Example 10 was repeated in the same manner as described except that the mixing of polyethylene and MXD6 was effected in the extruder rather than the static mixer. The resulting cushioning material had properties shown in Table 2.

              TABLE 2______________________________________                            Creep    Amount of      Haziness resistanceExample  MXD 6 (vol %)  (%)      (%)______________________________________  9       5             10.1     7 10      15              9.8     5 11      25              9.3     4 12      35              8.9     4Comp. 5   0             10.4     58Comp. 6  15             36.4     50______________________________________
EXAMPLE 13

A cushioning material as shown in FIG. 8 was prepared. The films 38 and 39 were prepared in a manner similar to that in Example 7 except that the matrix film 30 (30') was provided with only one outer layer 35 (35') on its one side. Each of the matrix films 30 and 30' was composed of a matrix formed of a polyethylene and a plurality of tapes formed of MXD6 and dispersed in the matrix. Each embossment 33 had a top diameter ("a" in FIG. 8) of 10 mm and a height ("b" in FIG. 8) of 4 mm. The thicknesses of the layers 30, 30', 35 and 35' were 15 μm, 10 μm, 15 and 10 μm, respectively. The content of MXD6 in each of the films 30 and 30' was 10% based on the volume of the matrix (polyethylene) and tapes (MXD6). The haziness, oxygen permeability and creep resistance of the cushioning material are summarized in Table 3. The cushioning material had a high inter-layer bonding.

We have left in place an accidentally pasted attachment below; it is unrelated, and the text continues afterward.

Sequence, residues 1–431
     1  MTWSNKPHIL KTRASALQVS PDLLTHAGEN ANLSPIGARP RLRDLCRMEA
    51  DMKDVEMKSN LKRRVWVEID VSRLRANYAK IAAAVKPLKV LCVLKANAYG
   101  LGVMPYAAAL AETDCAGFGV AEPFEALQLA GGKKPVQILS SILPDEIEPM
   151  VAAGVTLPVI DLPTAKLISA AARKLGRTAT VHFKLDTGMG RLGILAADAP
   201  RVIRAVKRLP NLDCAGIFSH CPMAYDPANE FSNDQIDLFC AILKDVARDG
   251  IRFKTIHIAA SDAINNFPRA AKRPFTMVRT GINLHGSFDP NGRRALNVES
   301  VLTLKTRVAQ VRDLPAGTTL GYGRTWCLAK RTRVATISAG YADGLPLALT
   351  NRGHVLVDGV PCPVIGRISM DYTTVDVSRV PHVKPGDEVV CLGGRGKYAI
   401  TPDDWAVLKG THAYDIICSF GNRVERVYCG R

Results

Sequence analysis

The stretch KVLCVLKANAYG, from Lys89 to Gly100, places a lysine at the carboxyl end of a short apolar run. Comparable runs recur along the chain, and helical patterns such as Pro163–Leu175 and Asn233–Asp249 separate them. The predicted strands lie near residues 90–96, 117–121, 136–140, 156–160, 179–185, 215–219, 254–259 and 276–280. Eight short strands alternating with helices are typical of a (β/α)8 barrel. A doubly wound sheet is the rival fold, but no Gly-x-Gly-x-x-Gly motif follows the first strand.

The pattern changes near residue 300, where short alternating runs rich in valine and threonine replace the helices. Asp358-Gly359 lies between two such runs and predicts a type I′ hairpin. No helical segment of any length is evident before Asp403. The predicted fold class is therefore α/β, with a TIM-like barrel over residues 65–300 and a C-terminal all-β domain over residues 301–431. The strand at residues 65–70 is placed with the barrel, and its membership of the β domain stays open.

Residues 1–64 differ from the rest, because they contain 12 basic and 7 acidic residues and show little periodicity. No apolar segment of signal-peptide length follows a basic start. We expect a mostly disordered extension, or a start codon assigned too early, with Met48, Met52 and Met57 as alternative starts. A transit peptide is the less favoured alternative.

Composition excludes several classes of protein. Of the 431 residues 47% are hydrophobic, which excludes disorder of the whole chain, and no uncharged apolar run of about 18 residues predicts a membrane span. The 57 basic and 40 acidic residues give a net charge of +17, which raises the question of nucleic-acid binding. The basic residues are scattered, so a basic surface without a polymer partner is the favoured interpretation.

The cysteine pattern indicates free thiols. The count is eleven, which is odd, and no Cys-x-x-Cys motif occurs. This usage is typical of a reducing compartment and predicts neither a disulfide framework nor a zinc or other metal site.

EXAMPLE 14

Example 13 was repeated in the same manner as described except that the content of MXD6 was increased to 30% based on the volume of the polyethylene matrix and MXD6 tapes. The properties of the cushioning materials are shown in Table 3.

COMPARATIVE EXAMPLE 7

Example 13 was repeated in the same manner as described except that no MXD6 tapes were incorporated into each of the films 30 and 30'. The properties of the cushioning material are shown in Table 3.

COMPARATIVE EXAMPLE 8